The Networked Young Citizen
Social Media, Political Participation and Civic Engagement
Edited by Brian D. Loader, Ariadne Vromen, Michael Xenos
Routledge – 2014 – 208 pages
Routledge – 2014 – 208 pages
The future engagement of young citizens from a wide range of socio-economic, ethnic and cultural backgrounds in democratic politics remains a crucial concern for academics, policy-makers, civics teachers and youth workers around the world. At a time when the negative relationship between socio-economic inequality and levels of political participation is compounded by high youth unemployment or precarious employment in many countries, it is not surprising that new social media communications may be seen as a means to re-engage young citizens. This edited collection explores the influence of social media, such as YouTube, Facebook, and Twitter, upon the participatory culture of young citizens.
This collection, comprising contributions from a number of leading international scholars in this field, examines such themes as the possible effects of social media use upon patterns of political socialization; the potential of social media to ameliorate young people’s political inequality; the role of social media communications for enhancing the civic education curriculum; and evidence for social media manifesting new forms of political engagement and participation by young citizens. These issues are considered from a number of theoretical and methodological approaches but all attempt to move beyond simplistic notions of young people as an undifferentiated category of ‘the internet generation’.
1. Introduction: The Networked Young Citizen: Social Media, Political Participation and Civic Engagement; Brian D. Loader, Ariadne Vromen and Michael Xenos. PART I: Political Culture, Socialization and Social Media Adoption. 2. The Great Equalizer? Patterns of Social Media Use and Youth Political Engagement; Michael Xenos, Ariadne Vromen and Brian D. Loader. 3. Spaces for Public Orientation? Longitudinal Effects of Internet Use in Adolescence; Mats Ekström, Tobias Olsson, and Adam Shehata. 4. Political Influence across Generations: Partisanship and Candidate Evaluations in the 2008 election; Emily Vraga, , Leticia Bode, Jung Hwan Yang, Stephanie Edgerly, Kjerstin Thorson, Chris Wells, and Dhavan V. Shah. 5. Young citizens and the fine art of disengaging online; Kjerstin Thorson. PART II: Civics and Citizenship Education. 6. Australian reflections on learning to be citizens in and with the social web; Suzanne Mellor. 7. Perceptions of students and teachers in England about how social media are used (and how they could be used) in schools and elsewhere; Ian Davies and Edda Sant. PART III: Agency, Mobilization and the Voice of the Young Citizen. 8. "The Outraged Young": Young Europeans, Civic Engagement and the Social Media in a Time of Crisis; James Sloam. 9. The Contribution of Websites and Blogs to the Students’ Protest Communication Tactics during the 2010 UK University Occupations; Yannis Theocharis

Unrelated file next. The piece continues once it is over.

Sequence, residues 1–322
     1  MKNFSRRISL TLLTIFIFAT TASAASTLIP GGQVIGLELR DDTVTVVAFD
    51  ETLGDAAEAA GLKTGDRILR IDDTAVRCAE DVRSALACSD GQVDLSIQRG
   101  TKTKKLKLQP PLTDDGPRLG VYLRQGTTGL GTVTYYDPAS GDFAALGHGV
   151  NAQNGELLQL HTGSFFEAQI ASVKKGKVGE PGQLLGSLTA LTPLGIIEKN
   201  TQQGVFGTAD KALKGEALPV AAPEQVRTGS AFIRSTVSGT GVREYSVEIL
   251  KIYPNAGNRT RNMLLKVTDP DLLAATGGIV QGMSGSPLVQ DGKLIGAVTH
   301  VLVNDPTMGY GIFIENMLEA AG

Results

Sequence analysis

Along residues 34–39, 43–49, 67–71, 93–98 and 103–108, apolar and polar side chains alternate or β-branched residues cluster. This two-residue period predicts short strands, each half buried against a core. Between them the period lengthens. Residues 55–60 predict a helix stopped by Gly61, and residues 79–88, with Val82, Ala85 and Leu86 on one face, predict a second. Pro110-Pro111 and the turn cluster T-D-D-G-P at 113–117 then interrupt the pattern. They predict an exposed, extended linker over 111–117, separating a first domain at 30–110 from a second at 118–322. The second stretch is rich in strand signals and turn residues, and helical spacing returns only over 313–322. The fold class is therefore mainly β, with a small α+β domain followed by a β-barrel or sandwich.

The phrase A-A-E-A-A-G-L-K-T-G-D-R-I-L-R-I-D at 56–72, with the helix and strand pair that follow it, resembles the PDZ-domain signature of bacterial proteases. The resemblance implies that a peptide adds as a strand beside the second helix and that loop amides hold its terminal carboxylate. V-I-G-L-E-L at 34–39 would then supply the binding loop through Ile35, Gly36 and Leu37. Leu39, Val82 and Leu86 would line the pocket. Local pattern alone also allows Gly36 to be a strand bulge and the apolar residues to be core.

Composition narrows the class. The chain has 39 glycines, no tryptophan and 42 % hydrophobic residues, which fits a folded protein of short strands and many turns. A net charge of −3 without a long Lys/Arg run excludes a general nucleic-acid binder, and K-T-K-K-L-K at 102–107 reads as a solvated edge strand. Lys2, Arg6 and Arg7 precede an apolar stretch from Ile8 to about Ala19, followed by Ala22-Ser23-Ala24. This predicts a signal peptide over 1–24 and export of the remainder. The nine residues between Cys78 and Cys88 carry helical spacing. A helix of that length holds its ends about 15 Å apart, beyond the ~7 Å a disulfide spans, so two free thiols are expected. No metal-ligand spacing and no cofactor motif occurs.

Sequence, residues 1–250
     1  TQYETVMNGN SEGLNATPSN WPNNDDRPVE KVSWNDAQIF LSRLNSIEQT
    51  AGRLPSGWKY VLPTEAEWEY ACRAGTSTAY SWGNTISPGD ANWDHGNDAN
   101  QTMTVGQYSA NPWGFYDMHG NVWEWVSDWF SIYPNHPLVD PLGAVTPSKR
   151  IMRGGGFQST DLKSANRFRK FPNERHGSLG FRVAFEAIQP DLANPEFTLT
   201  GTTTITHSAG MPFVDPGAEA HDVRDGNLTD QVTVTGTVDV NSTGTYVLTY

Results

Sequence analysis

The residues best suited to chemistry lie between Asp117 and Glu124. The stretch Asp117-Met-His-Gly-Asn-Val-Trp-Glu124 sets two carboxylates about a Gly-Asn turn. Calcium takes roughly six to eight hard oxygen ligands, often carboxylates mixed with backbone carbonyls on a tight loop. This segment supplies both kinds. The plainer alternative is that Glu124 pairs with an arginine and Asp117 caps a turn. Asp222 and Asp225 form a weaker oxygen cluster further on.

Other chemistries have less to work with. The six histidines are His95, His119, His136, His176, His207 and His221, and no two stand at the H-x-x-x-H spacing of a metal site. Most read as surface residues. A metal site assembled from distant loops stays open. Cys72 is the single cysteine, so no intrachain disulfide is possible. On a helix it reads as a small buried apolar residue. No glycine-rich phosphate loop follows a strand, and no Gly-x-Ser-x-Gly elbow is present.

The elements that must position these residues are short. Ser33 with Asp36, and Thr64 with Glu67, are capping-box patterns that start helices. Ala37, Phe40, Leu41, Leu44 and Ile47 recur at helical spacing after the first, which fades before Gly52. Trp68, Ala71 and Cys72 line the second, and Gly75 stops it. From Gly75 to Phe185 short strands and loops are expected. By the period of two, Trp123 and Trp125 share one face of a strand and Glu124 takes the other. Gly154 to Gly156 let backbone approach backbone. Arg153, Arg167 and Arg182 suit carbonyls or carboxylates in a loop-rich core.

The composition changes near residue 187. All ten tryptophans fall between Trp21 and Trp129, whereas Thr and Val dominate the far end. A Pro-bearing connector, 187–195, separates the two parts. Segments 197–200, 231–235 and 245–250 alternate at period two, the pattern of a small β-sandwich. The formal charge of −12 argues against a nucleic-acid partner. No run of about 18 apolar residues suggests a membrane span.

Brian D. Loader is Associate-Director of the Science and Technology Studies Unit (SATSU) based at the University of York, UK. His academic interests are focussed around the emergence of new information and communications technologies (ICTs), such as the Internet, and the social, political and economic factors shaping their development and diffusion, and their implications for social, economic, governmental and cultural change. He is General Editor of the international journal Information, Communication and Society and has published extensively in this field.Recent books include Cyberprotest:New Media, Citizens and Social Movements, (Routledge, 2004); Young Citizens in the Digital Age (Routledge, 2007); Digital Welfare for the Third Age (Routledge, 2008).
Ariadne Vromen is Associate Professor in the Department of Government and International Relations at the University of Sydney, in Australia. She has ongoing research interests in political participation, including on young people, politics and the internet.
Michael Xenos is Associate Professor of Communication Science at the University of Wisconsin-Madison, USA. His research focuses on how the context and content of political communication influences the quality of democratic deliberation, public opinion, and civic engagement. He is particularly interested in how different aspects of political information environments affect processes of opinion formation and civic engagement. Some of his recent projects have explored how factors such as campaign intensity, negative campaigning, new communication technologies, and new sources of political information like late-night comedy and youth political websites, enable or constrain democratic citizenship.